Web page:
Mercedes-AMG One supercar takes its F1 powertrain to the track

Formerly known as "Project One," the Formula One-derived powertrain is in its final state and ready for full-blown track testing.

Sean Szymkowski
It all started with Gran Turismo. From those early PlayStation days, Sean was drawn to anything with four wheels. Prior to joining the Roadshow team, he was a freelance contributor for Motor Authority, The Car Connection and Green Car Reports. As for what's in the garage, Sean owns a 2016 Chevrolet SS, and yes, it has Holden badges.
Sean Szymkowski
2 min read

It's no easy task to turn an engine meant for the top echelon of motorsport into one suitable for a road car. But that's what Mercedes-AMG set out to do with the One. Now, the final iteration of the powertrain is ready to hit the track for high-speed testing.

Mercedes-AMG announced Tuesday that the One has entered the crucial testing phase after some lengthy delays. With the final engineering work completed, the highest ranking Project One managers gave the green light to test the car with full power: 1,000 horsepower, to be exact. And not just one test car either, but several. It's clear the One has made significant progress since we last saw the supercar testing in 2018.

For those outside of Formula One circles, sitting in the middle of the supercar is a turbocharged 1.6-liter V6 engine paired with four electric motors. It's the exact unit powering the firm's F1 cars every weekend during the season, and Mercedes has utterly dominated in recent years. It also helps it has Lewis Hamilton to wheel the car to victory, but there's no denying the German team has its power unit completely sorted out.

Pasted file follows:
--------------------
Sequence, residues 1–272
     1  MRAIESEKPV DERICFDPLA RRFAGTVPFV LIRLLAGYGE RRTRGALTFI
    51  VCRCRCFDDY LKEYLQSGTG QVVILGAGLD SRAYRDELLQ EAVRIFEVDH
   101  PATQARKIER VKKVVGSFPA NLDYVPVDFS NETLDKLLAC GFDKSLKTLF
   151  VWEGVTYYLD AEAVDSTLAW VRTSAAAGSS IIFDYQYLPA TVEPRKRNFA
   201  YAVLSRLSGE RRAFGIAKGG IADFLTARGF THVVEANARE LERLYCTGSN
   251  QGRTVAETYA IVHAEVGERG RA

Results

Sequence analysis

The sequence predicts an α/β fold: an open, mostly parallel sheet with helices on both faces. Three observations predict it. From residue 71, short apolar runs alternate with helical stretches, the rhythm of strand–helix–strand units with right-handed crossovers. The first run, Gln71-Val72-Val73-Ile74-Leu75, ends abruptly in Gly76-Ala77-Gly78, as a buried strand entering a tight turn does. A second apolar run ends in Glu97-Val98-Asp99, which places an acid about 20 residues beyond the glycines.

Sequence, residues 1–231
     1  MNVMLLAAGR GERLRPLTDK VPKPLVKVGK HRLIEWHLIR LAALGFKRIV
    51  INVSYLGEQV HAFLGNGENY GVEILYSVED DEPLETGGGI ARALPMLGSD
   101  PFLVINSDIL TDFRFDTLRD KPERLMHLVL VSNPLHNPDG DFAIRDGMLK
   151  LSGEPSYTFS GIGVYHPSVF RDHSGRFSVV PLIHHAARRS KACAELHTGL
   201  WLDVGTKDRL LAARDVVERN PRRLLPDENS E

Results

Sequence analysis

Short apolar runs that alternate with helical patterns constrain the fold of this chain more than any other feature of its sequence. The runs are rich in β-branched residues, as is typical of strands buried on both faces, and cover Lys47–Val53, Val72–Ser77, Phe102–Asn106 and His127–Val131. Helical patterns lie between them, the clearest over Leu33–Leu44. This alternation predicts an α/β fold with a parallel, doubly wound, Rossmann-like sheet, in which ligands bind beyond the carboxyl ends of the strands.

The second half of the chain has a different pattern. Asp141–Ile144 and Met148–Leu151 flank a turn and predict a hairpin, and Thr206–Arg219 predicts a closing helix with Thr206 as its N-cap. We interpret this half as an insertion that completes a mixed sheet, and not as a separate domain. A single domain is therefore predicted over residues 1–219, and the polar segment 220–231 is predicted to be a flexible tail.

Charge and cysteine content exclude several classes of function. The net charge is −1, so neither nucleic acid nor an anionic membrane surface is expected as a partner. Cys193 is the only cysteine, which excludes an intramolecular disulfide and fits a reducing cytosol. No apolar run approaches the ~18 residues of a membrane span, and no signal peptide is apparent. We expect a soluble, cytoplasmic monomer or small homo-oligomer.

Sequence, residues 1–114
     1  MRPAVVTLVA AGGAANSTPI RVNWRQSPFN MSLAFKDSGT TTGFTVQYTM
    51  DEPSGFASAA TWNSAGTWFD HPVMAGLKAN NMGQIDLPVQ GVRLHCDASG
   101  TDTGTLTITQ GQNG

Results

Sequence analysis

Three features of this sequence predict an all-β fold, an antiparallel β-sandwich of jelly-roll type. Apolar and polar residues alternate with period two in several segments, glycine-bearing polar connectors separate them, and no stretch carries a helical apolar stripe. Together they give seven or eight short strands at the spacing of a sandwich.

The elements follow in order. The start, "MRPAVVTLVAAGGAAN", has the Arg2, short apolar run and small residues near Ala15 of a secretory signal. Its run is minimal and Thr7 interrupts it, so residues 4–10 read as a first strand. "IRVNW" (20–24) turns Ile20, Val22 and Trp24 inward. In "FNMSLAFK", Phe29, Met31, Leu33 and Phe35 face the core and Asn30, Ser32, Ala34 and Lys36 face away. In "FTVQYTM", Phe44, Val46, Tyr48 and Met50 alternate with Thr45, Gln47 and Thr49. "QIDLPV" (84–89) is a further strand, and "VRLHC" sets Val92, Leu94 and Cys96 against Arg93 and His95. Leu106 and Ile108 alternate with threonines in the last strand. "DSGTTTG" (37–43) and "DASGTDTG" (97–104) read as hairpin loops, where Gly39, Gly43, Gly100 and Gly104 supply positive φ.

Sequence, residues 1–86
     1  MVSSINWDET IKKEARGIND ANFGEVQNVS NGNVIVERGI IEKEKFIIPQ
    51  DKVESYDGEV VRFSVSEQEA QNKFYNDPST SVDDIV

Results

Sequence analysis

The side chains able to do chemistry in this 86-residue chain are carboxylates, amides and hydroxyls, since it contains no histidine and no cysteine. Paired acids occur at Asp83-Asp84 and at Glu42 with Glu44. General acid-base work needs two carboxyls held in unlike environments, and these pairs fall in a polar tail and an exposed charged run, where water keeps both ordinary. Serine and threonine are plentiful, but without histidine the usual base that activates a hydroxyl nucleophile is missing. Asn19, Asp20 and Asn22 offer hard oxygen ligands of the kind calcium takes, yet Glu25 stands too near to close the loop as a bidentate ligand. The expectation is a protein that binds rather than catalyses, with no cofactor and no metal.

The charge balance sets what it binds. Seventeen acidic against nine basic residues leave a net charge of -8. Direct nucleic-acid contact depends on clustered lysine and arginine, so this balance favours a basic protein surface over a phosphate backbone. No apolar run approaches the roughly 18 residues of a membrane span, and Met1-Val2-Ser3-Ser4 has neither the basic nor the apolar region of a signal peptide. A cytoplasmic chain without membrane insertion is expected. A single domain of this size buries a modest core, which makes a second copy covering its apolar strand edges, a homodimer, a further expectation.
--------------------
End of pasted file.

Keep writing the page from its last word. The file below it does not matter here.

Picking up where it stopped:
Mercedes-AMG One is one step closer to production

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And what's wild is the noise translates from the F1 car to the One street car. The video provides a few snippets of audio from the supercar as it flies around the track and it's mesmerizing to hear the sound on something other than a Grand Prix circuit. Mercedes-AMG underscored it's been a hell of an undertaking; aside from running at maximum performance, the One must also operate in a totally electric mode. When the car is blasting around, F1 cars aren't the quietest machines on the planet, so careful consideration went into engineering something that could actually meet production standards.

All the while, the high-performance testing lets engineers work on the intricate active aerodynamics system as well. With so much at work, the firm wants to ensure the One delivers on its handling promises.

After testing wraps up at AMG's own proving grounds, the team plans to take the supercar to the 'Ring; the Nürburgring, that is. Deliveries of the One are expected to start in 2021 and each one costs $2.72 million. Not that it matters, as all 275 cars have been spoken for by now.

Watch this: Mercedes-AMG Project One: Formula 1 power in a road car